Atomic Layer Deposition is a process whereby a monolayer of material is deposited on the surface of a substrate, and then additional monolayers of other materials can be applied with the process of building up many monolayers of perfect crystalline films.


Chemical Vapor Deposition is a process of reacting a variety of gaseous compounds to form a thin film of a different compound on the surface of the device. Dielectrics, conductors, and semiconductors can be deposited in this way, depending upon the gas species used in the reaction.


An evaporator is a vacuum chamber that sublimes (vaporizes) a source material, conductor or dielectric, into a vapor that condenses (deposits) on the substrate. The Birck Nanotechnology Center has numerous electron-beam evaporators and a thermal evaporator for depositing these films.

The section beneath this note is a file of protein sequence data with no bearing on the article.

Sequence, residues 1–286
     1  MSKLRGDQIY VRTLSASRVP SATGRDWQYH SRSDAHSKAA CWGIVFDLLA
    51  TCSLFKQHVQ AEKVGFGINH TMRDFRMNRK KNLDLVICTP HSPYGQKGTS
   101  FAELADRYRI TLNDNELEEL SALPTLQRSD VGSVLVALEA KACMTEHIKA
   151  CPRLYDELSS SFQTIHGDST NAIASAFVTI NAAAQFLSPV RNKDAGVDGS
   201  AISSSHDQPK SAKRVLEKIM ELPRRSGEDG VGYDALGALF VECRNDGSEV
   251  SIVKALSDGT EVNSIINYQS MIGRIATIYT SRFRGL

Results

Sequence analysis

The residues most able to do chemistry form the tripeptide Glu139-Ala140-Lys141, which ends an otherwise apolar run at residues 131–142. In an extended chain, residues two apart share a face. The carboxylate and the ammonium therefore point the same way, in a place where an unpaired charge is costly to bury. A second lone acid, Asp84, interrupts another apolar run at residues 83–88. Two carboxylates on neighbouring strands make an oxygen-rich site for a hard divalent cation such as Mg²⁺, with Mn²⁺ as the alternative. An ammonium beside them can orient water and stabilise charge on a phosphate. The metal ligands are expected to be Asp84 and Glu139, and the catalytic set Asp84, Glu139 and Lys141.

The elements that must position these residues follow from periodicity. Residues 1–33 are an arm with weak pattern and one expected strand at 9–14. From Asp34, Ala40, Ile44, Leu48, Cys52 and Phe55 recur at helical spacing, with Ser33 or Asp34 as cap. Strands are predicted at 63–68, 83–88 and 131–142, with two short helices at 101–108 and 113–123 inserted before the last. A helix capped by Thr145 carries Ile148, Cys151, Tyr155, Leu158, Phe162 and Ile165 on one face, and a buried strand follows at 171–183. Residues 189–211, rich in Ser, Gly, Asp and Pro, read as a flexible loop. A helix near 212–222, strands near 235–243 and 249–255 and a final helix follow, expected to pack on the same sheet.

Plasma Enhanced Chemical Vapor Deposition is used to deposit thin films of oxides and nitrides.


The sputtering process is another technology to deposit thin films of materials. In this process the source material is in the form of a solid, and it is bombarded with ions generated in a plasma. These ions dislodge particles of the source material which layer on the substrates.


The Birck Nanotechnology Center has a variety of specialized deposition systems, including Molecular Beam Epitaxy for GaN and GaAs, and a Pulsed Laser Deposition for depositing oxide thin films.